About

Ever since I had the opportunity to volunteer for a few weeks in a school in Jorhat, India, I’ve been plotting a way to teach abroad.  This blog is about my journey to Debrecen, Hungary, where I will be teaching English in a Hungarian high school.  Over the next year, I will share my thoughts and observations about teaching, travel, and life.  (I’m not making any guarantees here, but statistically there is a good chance that one or two thoughts might even be profound!)

I am accompanied on my journey by my wonderful husband, Jesse, who is not a fan of blogging and will hopefully forgive me for mentioning him in my posts so frequently.  

Sadly, the third member of my little family is not taking part in this journey.  My cat Nessie will be staying behind in Kalamazoo with a friend.    I will miss her dreadfully.

We will miss family and friends as well, but we need to seize the opportunity to go abroad while we can.  Jesse just finished a master’s degree this spring and will begin a PhD program when we come back.  I am still trying to decide what I want to do when I grow up, and maybe teaching in Hungary will give me some insight. 

I don’t know what life will be like in Hungary or what I’ll do when we return, but that is what is so exciting!  Life is an adventure.

14 responses to “About

  1. K

    Hello.

    Finding your blog proves that dedication to finding information does work. I’ve been searching for both a blog that talked about teaching English in Hungary and any type of information regarding CTEP. I’m currently 2.5 tears out from my BA, but have begun searching out the best ways to go about teaching abroad and have liked what I’ve seen on the CTEP website, but was unable (until now) to find any other reviews or mention of them.

    Thank you so much for sharing your adventure and I wish you and your husband the best of luck in Hungary.

    -Paul K.

    • Thanks, Paul! We are very excited to leave and start teaching.

      A couple who taught with CETP and lived in Debrecen this past year kept a blog. They posted awesome pictures. Beware…you might want to sign up to go immediately!

      • Paul k.

        Using my awesome skill of searching I found the hairgrovesinhungray site. I’m assuming this is the one you meant. And yes, the pictures are very alluring. As is the information. All of this is making me very excited for the future. Thank you again & best of luck.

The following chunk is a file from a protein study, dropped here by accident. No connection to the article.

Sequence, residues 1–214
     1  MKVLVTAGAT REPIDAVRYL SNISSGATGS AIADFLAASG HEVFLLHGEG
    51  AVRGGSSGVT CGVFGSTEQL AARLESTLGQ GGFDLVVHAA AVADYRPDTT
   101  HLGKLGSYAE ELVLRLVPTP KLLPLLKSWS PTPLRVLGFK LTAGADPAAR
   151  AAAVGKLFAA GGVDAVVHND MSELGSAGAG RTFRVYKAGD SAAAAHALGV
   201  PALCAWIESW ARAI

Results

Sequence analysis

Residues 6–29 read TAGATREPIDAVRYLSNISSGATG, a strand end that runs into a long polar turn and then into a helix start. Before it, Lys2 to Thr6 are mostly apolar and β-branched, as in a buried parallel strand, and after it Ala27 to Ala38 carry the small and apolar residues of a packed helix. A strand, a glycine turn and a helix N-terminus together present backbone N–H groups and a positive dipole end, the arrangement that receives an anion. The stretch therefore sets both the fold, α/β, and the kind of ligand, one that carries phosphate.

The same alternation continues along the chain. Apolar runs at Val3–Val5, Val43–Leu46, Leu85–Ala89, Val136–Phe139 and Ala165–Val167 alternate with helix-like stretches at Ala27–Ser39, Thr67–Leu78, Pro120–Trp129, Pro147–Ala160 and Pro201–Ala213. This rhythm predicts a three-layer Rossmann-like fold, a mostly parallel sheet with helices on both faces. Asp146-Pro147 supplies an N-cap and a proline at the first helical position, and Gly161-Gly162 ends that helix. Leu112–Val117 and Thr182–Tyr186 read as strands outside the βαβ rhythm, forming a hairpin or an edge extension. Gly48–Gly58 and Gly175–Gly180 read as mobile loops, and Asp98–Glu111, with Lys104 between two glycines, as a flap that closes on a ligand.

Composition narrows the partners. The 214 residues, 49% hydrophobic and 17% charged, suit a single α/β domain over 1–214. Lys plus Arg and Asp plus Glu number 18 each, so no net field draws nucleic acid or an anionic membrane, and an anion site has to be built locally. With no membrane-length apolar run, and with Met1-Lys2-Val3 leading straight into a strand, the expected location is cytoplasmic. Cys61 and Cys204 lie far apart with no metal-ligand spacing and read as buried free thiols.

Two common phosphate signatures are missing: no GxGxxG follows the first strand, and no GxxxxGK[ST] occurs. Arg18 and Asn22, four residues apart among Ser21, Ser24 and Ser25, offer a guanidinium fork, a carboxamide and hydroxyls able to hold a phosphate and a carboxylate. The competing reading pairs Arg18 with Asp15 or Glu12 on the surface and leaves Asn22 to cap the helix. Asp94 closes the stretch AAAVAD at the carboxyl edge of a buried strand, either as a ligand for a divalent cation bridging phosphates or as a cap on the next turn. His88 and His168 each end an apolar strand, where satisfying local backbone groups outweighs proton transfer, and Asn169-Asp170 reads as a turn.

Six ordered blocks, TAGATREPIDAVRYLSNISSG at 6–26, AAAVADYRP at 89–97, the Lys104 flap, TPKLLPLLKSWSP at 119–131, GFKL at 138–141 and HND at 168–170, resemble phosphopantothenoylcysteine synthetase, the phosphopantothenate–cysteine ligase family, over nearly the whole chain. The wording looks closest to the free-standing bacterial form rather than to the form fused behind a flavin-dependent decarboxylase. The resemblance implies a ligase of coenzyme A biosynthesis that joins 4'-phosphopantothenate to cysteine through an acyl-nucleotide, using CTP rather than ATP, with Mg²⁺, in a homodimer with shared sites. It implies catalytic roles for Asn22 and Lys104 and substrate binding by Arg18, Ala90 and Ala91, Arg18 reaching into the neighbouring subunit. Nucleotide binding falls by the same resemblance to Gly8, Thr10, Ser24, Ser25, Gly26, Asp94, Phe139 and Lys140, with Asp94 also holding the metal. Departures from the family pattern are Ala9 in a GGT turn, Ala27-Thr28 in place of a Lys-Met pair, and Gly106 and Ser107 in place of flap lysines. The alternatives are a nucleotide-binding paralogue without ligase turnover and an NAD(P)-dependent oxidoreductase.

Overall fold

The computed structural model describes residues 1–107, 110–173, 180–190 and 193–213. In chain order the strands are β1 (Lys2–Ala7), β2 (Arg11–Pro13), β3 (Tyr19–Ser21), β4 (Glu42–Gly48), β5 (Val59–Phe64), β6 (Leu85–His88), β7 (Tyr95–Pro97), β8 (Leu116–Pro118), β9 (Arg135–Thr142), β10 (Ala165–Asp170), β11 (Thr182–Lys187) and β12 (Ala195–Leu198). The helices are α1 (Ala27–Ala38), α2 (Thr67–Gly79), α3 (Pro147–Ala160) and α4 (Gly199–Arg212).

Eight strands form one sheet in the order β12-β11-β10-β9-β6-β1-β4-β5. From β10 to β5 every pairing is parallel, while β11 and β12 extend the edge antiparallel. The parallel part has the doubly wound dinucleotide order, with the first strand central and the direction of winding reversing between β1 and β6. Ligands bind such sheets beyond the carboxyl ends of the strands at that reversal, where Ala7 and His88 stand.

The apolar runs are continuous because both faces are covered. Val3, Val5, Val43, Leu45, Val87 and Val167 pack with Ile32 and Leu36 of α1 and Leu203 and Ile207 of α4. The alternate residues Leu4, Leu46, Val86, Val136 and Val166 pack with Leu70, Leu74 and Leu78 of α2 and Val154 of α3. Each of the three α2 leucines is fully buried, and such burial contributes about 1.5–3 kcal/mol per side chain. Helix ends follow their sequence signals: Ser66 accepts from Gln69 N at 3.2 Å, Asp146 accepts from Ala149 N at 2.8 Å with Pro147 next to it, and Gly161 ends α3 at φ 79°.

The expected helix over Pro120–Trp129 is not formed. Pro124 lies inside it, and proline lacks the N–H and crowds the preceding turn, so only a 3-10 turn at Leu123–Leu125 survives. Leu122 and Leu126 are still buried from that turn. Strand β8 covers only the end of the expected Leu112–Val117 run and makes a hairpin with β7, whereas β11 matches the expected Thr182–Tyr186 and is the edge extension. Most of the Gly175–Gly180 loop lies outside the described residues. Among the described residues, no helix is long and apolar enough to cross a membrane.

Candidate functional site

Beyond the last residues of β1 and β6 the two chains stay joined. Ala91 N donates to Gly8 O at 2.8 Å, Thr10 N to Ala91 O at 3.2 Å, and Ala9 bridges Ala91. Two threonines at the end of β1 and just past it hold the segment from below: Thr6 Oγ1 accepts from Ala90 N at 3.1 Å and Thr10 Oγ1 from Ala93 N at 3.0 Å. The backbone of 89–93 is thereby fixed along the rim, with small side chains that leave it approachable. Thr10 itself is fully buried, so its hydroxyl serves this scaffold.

-Paul K.

  2. Hi there, thanks for the lovely response on my blog. It looks like we have some things in common. I, too, am hoping that this experience away from home will help me decide what to do when I grow up.
    cheers,
    Megan

  3. Melody

    That picture of Nessie is absolutely fabulous; I’m procrastinating from studying for exams and stumbled upon it. So much character in only a few kilos! (And I just now realized you’re an outlier in your family of Jesse and Nessie. I don’t know how I managed to miss that earlier!)

  4. myfriendmissmiller

    I like the name of your blog! Especially because I’m teaching World War I to my ESL kids, and they think it’s hilarious that a country’s name is “Hungary”. We’ve had well over our fair share of jokes about the people in Hungary being hungry. 🙂

    • Thanks! It is a joke that never gets old. 🙂

      I think WWI is the only time Hungary gets mentioned in American history classes. Hungarians are still very upset/sad about the territory they lost in the Treaty of Trianon.

  5. hugo

    Hi Scarlett I am working at your schools this year. Thanks for posting.

  6. Hey there! I’ve just read your post about Nyírbátor and I am very sorry to hear that you weren’t able to visit this fine piece of architecture.

    The church is a monument to God and bore witness to many historical events. You are more than welcome to come back and visit and I’ll be sure to show you around and give you a brief history class. My email is: marcsinakrb AT gmailcom

    Rob
    Minister and English Teacher at the Nyírbátor Calvinist primary school

    • Hi Rob! Thank you for reading my post about Nyirbator and for being willing to show me the church. I would love to visit the next time I’m in Hungary. At this point I don’t have plans for when I’ll be back, but never say never!

  7. Rick

    Hi, I stumbled upon your blog while trying to find news about Carmel School, Jorhat. I was pleasantly surprised to read that you did volunteer work there. I am an ex-student of that school, presently settled in the United States. I would so love to hear more about your experience there. I can be reached at ricklahkar@gmail.com. I will be looking out to hearing from you. Rick.

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